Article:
"The Cutting Edge" (New York Times, 2009)
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You have probably seen sushi restaurants where plates of different kinds of sushi move past you on a conveyor belt. These kinds of places are called kaitenzushi. Here's one where you order sushi on a touch screen and the sushi arrives on a little rail system, stopping right in front of you. I want to go and see how it works. Read the rest
The folks at Great Big Story went to Madrid to find a hidden Chinese restaurant known as "The Underground."
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Underneath a plaza in Madrid lies one of Spain’s greatest culinary secrets. Cafetería Yulong Zhou is home to some of the best Chinese food in the country. Getting there, however is another story. With no exact address or email, trying to find the restaurant takes some expert sleuthing. With the help of a friend and a hint, we embarked on the journey. Spoiler alert: the dumplings made the trek totally worth it.
A robotics start-up, Momentum Machines, announced that it is going to open a restaurant in San Francisco that uses robots to make hamburgers.
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Every aspect of the burger is customizable, from thickness and cook time to condiments. The machine will take up about 24 square feet and the tech blog Xconomy predicted it could save a restaurant $90,000 a year in training and salaries.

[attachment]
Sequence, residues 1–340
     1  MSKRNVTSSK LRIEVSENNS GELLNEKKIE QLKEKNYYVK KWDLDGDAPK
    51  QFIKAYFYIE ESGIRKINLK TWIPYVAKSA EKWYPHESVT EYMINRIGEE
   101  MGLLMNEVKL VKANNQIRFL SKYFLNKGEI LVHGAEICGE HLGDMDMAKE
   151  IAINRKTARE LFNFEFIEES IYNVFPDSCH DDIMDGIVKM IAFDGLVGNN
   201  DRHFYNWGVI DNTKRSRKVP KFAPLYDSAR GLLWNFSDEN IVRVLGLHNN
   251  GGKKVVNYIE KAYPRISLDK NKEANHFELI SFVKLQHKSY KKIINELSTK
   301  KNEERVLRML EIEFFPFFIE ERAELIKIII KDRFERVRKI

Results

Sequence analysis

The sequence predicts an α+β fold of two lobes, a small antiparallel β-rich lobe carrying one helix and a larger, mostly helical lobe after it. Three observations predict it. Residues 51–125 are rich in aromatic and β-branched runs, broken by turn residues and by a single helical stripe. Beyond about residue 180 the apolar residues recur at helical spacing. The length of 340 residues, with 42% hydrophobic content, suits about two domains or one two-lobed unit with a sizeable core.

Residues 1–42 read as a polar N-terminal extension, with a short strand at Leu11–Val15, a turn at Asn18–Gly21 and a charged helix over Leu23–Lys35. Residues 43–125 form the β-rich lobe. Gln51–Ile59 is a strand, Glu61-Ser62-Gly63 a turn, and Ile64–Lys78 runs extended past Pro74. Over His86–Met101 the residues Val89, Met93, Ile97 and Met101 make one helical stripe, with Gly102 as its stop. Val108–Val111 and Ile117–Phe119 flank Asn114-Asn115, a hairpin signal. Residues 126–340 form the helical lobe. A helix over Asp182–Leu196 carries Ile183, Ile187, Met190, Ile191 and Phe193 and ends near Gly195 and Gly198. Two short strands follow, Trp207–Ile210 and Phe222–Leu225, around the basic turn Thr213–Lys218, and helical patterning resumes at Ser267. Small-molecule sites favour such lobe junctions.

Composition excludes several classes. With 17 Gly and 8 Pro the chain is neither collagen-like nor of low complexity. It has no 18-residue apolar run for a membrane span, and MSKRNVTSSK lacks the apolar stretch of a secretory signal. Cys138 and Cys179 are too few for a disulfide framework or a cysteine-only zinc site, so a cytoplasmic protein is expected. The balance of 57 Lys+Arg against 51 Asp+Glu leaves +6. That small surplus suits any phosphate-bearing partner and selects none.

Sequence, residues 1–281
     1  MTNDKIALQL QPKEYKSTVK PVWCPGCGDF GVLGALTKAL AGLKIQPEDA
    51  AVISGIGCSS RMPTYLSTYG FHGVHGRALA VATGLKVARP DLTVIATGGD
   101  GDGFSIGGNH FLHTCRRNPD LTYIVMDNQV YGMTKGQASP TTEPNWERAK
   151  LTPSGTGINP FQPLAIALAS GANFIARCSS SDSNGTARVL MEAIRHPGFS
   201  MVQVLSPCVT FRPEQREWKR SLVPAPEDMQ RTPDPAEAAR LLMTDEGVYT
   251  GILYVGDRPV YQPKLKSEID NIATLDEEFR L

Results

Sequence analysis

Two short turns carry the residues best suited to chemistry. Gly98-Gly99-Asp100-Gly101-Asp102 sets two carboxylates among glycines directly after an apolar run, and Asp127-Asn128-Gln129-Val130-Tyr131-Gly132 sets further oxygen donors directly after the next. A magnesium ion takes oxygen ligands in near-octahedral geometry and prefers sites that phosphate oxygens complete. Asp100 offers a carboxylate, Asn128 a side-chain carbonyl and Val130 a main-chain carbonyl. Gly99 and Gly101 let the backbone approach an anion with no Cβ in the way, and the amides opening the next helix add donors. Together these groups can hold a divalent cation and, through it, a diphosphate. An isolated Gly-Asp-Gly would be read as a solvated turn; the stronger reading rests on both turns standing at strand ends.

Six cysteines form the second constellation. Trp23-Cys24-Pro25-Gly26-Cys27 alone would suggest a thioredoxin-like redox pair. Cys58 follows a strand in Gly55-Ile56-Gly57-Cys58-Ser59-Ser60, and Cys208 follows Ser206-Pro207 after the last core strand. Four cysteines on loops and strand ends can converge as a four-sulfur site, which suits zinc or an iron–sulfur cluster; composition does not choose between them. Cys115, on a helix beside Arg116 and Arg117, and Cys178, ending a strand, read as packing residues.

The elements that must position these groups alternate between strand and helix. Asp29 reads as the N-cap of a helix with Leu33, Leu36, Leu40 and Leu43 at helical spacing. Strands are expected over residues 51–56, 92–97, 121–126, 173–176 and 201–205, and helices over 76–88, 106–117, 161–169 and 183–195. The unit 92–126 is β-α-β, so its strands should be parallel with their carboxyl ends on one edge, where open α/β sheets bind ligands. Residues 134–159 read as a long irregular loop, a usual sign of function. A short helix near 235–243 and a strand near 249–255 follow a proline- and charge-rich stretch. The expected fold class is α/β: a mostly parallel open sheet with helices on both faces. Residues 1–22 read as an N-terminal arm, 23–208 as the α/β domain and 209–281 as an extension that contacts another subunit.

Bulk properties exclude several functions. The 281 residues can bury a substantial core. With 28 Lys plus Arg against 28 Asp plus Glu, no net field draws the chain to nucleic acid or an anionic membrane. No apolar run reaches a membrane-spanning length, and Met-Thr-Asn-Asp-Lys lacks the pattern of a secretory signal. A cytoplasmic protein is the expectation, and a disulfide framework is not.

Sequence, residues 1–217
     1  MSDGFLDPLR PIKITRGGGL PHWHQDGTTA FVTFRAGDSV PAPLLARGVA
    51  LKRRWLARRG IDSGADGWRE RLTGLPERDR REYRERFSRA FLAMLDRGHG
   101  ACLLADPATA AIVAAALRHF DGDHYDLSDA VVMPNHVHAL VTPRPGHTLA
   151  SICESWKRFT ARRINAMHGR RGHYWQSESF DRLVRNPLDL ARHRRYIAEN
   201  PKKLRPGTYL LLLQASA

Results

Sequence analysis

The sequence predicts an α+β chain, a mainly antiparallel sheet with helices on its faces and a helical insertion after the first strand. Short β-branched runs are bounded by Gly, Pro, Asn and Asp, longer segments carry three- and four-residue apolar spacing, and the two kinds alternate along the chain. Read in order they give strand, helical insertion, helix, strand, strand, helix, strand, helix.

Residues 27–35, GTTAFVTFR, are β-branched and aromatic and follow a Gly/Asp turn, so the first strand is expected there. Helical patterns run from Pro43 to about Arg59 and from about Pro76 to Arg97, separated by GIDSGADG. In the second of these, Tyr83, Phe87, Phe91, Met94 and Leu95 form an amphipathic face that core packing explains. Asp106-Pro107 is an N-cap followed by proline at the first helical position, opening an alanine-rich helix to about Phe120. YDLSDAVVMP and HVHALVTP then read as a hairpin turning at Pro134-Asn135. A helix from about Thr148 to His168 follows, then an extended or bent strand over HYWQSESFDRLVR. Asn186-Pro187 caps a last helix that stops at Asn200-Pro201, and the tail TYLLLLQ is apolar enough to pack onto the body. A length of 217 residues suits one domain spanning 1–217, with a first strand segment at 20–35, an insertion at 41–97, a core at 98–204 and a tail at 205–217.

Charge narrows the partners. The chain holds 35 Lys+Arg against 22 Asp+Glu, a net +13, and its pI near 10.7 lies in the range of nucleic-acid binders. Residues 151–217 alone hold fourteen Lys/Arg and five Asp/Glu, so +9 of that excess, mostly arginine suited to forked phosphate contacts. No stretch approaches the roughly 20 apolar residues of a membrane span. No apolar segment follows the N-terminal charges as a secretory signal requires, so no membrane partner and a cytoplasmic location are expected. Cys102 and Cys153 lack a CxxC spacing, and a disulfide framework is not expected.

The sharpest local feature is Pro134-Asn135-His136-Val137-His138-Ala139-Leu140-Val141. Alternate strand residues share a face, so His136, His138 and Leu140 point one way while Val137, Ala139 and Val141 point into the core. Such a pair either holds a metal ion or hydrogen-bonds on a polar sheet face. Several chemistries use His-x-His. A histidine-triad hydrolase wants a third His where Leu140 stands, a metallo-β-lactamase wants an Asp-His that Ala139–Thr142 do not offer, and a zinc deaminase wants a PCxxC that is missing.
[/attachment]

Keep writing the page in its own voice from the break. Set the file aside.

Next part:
Many people worry that the use of work-saving robotic technology like this machine will put vast numbers of people out of work. They might be right--one study from last year predicted that there's a 96.3% chance of restaurant cooks being put out of work by automation.
If you like heights and Los Angeles and food and have a grand or so lying around, maybe Dinner in the Sky would be a fun July adventure. Read the rest
According to a survey using Yelp data, Marylanders and Virginians love Peruvian food, Ohioans love soup, Coloradans love gluten free, and West Virginians love hotdog. Other trends: Read the rest
Last week, I posted about the The Gustavademecum for the Island of Manhattan, a delightfully geeky, DIY-made, mid-20th century dining guide produced by a physical chemist for the benefit of traveling scientists and engineers.
One of the key features of the guide was an elaborate series of symbols and letters that provided a lot of information about various restaurants in a small amount of space—and which look like some kind of crazy alchemical shorthand. In the original post, I included a page from the guide, so you can look at that to see the symbols in action.
Hugh Merwin, who wrote the story on The Gustavademecum for Saveur, also scanned a page from the guide's key, which didn't appear in the original story. You can see some of it above, and visit his personal website to see the full key. Read the rest